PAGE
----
8. Twelve Monkeys

Twelve Monkeys

Though many may consider Brazil, Gilliam’s hilarious satirical reimagining of Orwell’s 1984, to be Captain Chaos’s greatest work, his equally deranged reimagining of Chris Marker’s La Jetee, Twelve Monkeys, seem like the more apt Kubrickian experience of the two.

Though Kubrick evidently was a filmmaker who possesses undisputed originality, most people often do forget the fact that most of Kubrick’s films are adaptations. Could it possibly be that the very reason we forget this fundamental fact is because Kubrick’s works add something so incredibly ingenious to the foundations established by the original, that in the eyes of an audience, the validity of the original is rendered virtually irrelevant? That is precisely what Gilliam achieved when he reimagined Marker’s original vision.

What was originally just an experimental work of the Nouvelle Vague with an incredibly small audience appeal, Gilliam’s Twelve Monkeys transformed Marker’s vision into this epic adventure. A truly gripping cinematic landscape that tackles the complex idea of time travel in a way that’s accessible yet thought-provoking to scores of audiences around the world.


7. Playtime

Playtime (1967)

In the genre of comedy, names like Keaton and Chaplin are often met with much reverence, but if one were to look past the confines of Hollywood, and place their focus instead to the undying radicalism offered by French Cinema, one would come across the cinema of Jacques Tati. A visionary filmmaker whose refreshing approach to comedy manages to trump even that of the tramp.

PlayTime, a culturally-conscious satire on progression released just a few years after Kubrick’s own culturally-conscious satire Dr. Strangelove, embraces the now much-avoided craft of slapstick comedy as a driving force of the narrative.

Tati channels the likes of Jean Renoir and Buster Keaton, improving, in his own ways, on either masters’ strengths, employing brilliant deep focus cinematography to create frames filled to the brim with an insane level of detail that can rival almost any Kubrick picture. This unique brand of perfectionist comedy developed by Tati is at its absolute finest in PlayTime.

There is no story explicitly told in PlayTime, the narrative presented is nothing but a series of disconnected happenings played out at a variety of different locations distinct from one another, yet somehow, Tati’s overarching vision remains coherent. What ties the unfolding chaos that is PlayTime is not in Tati’s characters, but in style. Tati’s comedy is truly a rare breed, one that relies on its audience being intelligent as opposed to the contrary, like most lesser films of the genre, resulting in an experience that completely immerses you in all its distinct setpieces.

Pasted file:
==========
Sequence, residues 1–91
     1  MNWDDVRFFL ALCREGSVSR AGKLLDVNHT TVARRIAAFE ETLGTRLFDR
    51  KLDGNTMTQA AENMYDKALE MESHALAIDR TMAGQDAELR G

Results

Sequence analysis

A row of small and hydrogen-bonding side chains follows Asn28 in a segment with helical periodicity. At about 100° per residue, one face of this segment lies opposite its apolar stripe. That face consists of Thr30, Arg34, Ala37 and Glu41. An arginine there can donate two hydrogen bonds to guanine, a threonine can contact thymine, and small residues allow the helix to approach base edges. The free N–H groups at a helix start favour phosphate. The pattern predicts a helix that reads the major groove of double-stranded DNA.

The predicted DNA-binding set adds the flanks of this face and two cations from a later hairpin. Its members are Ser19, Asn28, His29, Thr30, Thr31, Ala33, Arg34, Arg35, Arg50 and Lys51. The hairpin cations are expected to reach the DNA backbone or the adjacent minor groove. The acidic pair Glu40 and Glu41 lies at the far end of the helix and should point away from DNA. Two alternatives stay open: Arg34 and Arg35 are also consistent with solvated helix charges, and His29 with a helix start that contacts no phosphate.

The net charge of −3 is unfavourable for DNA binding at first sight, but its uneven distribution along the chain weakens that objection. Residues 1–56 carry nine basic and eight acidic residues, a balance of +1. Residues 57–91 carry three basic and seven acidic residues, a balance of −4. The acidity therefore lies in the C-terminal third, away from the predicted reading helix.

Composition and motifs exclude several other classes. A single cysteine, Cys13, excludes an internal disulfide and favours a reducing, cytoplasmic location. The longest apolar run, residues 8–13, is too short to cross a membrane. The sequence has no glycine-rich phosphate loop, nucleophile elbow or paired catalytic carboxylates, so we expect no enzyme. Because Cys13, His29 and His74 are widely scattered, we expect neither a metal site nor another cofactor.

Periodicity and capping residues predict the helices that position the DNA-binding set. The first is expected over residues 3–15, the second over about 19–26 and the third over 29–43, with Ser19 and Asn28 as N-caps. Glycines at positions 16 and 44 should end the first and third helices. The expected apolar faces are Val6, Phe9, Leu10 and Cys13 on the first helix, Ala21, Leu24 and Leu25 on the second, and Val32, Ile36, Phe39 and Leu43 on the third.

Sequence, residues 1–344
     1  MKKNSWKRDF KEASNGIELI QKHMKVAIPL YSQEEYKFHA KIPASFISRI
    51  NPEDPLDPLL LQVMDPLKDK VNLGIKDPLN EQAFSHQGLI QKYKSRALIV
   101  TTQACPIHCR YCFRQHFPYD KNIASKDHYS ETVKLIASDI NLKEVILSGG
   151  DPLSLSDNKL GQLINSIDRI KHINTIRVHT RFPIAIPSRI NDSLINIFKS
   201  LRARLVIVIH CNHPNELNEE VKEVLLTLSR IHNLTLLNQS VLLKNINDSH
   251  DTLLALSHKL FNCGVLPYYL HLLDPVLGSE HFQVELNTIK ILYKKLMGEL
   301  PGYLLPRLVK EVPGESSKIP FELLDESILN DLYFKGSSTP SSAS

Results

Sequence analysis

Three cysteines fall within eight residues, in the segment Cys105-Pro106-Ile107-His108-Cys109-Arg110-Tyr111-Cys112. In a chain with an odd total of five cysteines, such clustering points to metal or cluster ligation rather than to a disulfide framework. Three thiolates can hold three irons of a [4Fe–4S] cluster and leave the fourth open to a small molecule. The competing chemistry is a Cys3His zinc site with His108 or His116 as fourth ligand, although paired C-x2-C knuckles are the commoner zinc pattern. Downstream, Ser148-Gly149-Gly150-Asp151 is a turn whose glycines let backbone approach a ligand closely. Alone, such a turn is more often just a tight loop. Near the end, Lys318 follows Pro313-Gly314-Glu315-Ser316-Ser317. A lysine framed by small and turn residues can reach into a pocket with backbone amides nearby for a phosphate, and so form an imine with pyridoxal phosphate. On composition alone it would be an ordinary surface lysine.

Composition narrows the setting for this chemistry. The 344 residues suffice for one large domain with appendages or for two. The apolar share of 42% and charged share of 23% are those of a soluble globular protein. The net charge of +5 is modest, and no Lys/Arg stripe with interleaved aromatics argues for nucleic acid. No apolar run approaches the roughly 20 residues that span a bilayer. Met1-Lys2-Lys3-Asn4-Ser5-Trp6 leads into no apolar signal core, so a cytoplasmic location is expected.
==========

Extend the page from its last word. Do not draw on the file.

6. The Handmaiden

The erotic film is perhaps one of the hardest genres of cinema for a filmmaker to genuinely tell a coherent story in. The sex scene, in and of itself, is a product of spectacle masquerading as an intimate, personal exchange of love. For a sex scene to truly serve the narrative is difficult, to say the least, but to craft an entire film out of the core idea of sex, is a feat only achievable by a master filmmaker.

Kubrick’s Eyes Wide Shut, a bonafide erotic film, succeeded in creating a truly believable world built around the very idea of sex. With that being said, sex in Kubrick’s film was used as a tool to detach audiences from reality, as an intentionally carnal act without emotion, as opposed to a testament of genuine connection between individuals.

Park Chan-Wook’s The Handmaiden, on the other hand, told a story with an almost equal amount of sex, yet the film manipulates the very idea of sex and yields it as an emotional tool to actually further the narrative and the relationships of its characters.

The Handmaiden tells a story built upon a web of lies and deceit, championing the unreliability of character perspective beyond all other narrative elements. The film follows a young handmaiden employed in the service of a Japanese heiress, as she conspires with a Count in hopes of swindling her. If this description alone sounds complex enough, the resulting narrative of the film is one that’s far more intricate than its logline.

The Handmaiden is a revelation into the world of Park Chan-Wook, a hypnotic, genre-bending cinema that uses the omniscient camera as a powerful foundation to his unique cinematic worlds. His revolutionary approach to filmmaking may have emerged in the Vengeance Trilogy, but it only truly evolved into its fullest potential with this 2015 masterpiece of character-driven cinema.